By CRAIG MEDRED
Before an audience heavy with those who make their living from the sea, commercial fishermen and their supporters paraded before the Alaska Board of Fisheries on Saturday to testify as to where they think personal-use dipnetters belong.
Last in line was the clear answer.
Cordova’s John Whissel might have summarized the thinking best when he observed that the personal-use fisheries “are to be implemented after sport, commercial and subsistence fisheries have met their needs.”
The comments came in response to a Kenai River Sportfishing Association proposal before the Board that would reshuffle salmon allocation priorities in the state’s few, non-subsistence fishing areas.
The proposal seeks to make the food security of 49th State residents the number one issue the Board should consider when deciding who gets which salmon and how many.
Whissel argued the proposal was a scheme to “set up a defacto priority,” giving personal-use fishermen in five “non-subsistence” areas much the same status as subsistence fishermen in most of the rest of the state. Subsistence is a “priority use” in about 80 percent of Alaska.
In the subsistence areas, the number one priority of the Board and fishery managers with the Alaska Department of Fish and Game is to make sure subsistence demands are met.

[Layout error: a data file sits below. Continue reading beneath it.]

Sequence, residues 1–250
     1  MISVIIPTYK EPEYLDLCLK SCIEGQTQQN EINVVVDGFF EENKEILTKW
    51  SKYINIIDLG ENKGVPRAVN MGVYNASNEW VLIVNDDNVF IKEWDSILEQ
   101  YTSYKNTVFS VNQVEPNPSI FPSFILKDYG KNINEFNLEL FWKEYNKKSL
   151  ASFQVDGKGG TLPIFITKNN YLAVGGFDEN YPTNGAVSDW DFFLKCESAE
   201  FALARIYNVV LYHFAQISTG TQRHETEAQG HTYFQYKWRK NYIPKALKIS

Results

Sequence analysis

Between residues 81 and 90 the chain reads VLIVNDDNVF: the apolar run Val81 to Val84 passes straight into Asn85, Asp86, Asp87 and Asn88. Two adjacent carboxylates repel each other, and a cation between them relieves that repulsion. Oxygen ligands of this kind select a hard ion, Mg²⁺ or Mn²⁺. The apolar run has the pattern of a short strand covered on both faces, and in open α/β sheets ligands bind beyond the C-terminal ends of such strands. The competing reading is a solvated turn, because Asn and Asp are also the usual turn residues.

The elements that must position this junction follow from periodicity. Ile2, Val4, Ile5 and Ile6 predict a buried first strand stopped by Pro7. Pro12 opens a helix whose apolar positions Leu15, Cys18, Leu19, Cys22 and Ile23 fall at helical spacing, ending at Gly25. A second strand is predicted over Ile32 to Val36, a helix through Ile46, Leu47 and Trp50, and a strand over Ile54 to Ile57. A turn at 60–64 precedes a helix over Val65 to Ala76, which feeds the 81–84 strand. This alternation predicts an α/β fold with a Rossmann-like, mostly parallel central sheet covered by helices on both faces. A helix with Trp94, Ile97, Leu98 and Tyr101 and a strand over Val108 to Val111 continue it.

Dipnetters once had a subsistence priority, but the Alaska Legislature in 1992 passed a law allowing the Boards of Fish and Game to establish non-subsistence areas. The state was at the time jockeying to find a way to bring state law into agreement with the Alaska National Interest Lands Conservation Act, which created more than 100 million areas of new parks and refuges in Alaska and granted “rural residents” a subsistence priority on federal lands.
The state tried to follow suit with a rural priority, but the Alaska Supreme Court ruled that granting Alaskans special hunting and fishing privileges solely on the basis of where they live violated the Alaska Constitution.
As an alternative, the Legislature gave the joint Boards the authority to create non-subsistence areas where there was heavy competition between urban and rural residents for limited resources. The hope was that the feds would buy the plan as tantamount to a rural priority and drop a threat to take over management of fish and game on federal land in the state.
They didn’t. The U.S. government has been involved in managing fish and wildlife on more than 200 million acres of land within the state for almost two decades now. The state was left in charge of about 150 million acres. The two bureaucracies engage in a constant, joint-management dance in dealing with salmon and other species that move across state-federal boundaries.
Through all this, most of the state’s fisheries have remained largely unchanged. The commercial fishing industry controlled them at statehood, after statehood and to this day.